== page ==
The Native Forest Network is now the WildWest Institute
In April 2006 the Native Forest Network and Ecology Center merged to form the WildWest Institute. Our mission is to protect and restore forests, wildlands, watersheds and wildlife in the Northern Rockies Bioregion. We'll continue to keep the www.nativeforest.org website up and running, especially since so much great information is contained here, but please click here to visit the WildWest Institute's website as the www.nativeforest.org site will no longer be updated. THANK YOU!
Hard Look at the Bitterroot "Recovery
This new publication from the Native Forest
Network examines the on-the-ground realities
of the Bitterroot National Forest’s
so-called "Burned Area Recovery Plan."
Originally touted by the Forest Service and
logging industry as a model approach to post-fire
restoration and community protection following
the 2000 wildfires, actual implementation
of the "recovery" plan has been
plagued by broken promises and a complete
lack of accountability.
Areas of Idaho and Montana: What We've Lost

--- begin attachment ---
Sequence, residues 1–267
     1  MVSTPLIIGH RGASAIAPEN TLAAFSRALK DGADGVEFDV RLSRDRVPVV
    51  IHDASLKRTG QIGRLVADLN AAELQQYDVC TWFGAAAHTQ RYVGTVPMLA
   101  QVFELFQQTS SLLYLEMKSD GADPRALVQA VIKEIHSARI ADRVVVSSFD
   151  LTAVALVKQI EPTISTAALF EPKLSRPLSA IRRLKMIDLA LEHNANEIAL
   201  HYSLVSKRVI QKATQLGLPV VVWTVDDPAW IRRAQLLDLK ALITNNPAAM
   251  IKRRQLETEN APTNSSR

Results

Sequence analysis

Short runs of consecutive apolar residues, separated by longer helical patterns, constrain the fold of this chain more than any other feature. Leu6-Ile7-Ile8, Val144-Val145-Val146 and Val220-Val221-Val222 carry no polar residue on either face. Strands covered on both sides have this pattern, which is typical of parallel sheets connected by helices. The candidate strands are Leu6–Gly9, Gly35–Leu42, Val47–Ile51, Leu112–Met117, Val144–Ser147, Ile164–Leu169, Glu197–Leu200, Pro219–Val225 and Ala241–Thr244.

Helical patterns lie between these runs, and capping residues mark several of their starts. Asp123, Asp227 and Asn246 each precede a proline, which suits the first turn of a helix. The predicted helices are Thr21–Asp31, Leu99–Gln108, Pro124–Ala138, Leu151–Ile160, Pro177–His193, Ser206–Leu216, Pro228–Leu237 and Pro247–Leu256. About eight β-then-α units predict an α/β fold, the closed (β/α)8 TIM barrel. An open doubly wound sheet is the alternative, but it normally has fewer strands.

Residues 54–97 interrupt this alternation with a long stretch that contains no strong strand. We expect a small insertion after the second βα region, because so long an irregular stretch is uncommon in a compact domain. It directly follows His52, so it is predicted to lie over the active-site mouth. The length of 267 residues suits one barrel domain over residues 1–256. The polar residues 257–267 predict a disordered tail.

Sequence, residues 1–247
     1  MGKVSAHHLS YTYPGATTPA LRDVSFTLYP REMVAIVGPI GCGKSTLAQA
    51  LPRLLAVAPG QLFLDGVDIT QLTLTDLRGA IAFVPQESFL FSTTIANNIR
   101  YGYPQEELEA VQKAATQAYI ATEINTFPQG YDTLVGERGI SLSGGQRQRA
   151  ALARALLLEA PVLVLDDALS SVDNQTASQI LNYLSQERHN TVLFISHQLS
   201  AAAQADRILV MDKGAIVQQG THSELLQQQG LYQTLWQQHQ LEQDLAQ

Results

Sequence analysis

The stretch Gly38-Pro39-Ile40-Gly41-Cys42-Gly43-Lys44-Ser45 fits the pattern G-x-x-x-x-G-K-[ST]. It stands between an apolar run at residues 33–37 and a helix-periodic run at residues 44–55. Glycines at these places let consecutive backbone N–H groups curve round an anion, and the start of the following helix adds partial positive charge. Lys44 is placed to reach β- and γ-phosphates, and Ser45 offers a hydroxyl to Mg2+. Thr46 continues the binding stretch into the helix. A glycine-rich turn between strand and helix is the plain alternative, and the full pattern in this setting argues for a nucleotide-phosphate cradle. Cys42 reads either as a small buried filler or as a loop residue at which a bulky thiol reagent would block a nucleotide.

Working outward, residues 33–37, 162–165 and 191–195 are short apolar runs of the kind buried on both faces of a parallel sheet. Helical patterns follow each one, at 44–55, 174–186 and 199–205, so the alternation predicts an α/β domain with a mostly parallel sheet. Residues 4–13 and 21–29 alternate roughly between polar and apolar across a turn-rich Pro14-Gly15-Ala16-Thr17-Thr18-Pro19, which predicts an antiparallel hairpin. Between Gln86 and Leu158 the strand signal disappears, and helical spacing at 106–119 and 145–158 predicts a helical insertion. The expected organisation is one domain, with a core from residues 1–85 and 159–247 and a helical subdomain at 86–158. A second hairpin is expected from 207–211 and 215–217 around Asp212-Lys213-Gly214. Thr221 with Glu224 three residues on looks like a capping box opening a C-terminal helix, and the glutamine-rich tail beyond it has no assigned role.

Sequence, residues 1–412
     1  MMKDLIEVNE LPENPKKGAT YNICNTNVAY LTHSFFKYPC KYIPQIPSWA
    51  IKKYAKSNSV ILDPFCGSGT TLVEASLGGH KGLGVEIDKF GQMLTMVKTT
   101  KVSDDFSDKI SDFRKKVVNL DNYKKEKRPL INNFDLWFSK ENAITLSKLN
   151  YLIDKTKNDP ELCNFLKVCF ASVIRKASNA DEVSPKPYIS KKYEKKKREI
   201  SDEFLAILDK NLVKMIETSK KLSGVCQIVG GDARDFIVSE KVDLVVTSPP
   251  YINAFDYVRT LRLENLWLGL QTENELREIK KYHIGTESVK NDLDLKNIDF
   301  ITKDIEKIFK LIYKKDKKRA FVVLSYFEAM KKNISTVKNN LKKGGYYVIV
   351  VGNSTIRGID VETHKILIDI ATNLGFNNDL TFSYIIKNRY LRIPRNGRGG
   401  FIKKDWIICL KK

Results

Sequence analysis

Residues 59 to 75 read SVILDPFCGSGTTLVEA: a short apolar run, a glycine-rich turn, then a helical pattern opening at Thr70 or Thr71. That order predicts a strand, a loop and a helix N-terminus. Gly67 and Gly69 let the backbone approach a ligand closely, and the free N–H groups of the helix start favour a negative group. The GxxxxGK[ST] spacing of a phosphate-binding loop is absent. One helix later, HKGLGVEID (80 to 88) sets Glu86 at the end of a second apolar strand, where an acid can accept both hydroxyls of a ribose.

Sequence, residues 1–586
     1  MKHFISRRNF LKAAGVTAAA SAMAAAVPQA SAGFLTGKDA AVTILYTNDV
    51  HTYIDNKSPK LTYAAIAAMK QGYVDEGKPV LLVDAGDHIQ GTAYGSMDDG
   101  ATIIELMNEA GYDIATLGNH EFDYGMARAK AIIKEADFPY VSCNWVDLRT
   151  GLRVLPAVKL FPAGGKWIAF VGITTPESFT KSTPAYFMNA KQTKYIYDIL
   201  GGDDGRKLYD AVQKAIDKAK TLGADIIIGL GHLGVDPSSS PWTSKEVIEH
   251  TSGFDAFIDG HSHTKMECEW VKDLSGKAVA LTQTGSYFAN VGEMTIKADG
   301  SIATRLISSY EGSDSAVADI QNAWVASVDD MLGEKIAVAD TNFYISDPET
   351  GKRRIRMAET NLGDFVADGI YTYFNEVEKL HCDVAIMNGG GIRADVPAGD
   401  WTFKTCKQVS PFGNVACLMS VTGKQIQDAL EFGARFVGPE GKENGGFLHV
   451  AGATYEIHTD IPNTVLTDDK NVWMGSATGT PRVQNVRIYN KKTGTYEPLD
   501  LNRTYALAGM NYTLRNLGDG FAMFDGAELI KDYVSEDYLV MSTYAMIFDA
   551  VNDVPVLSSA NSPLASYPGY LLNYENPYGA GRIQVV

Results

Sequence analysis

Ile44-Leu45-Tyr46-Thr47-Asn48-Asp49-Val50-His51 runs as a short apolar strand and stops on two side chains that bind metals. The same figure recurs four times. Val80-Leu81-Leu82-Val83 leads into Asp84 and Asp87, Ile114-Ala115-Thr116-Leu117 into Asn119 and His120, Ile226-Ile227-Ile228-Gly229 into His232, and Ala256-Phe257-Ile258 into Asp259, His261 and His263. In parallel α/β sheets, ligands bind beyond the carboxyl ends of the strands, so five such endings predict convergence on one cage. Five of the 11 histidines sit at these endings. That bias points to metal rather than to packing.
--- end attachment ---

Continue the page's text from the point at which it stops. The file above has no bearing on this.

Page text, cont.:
and What We Stand to Lose (pdf)
This report from the Native Forest
Network and Friends of the Clearwater looks
at key roadless wildlands in the northern
Rockies. If the Roadless Rule is reversed,
over nine million acres of roadless wildlands
in the northern Rockies currently offered
some protections by the Roadless Rule would
be opened for logging and roadbuilding.
Mountain Front, Montana
Montana's Rocky Mountain Front contains the
top 1% of wildlife habitat in North America.
The Front is critical habitat for many species,
including the only place in the U.S. where
grizzly bears still roam the Great Plains.
The Rocky Mountain Front is threated by oil
and gas development and off-road ATV use.
to learn more about what the Native Forest
Network is doing to protect Montana's Rocky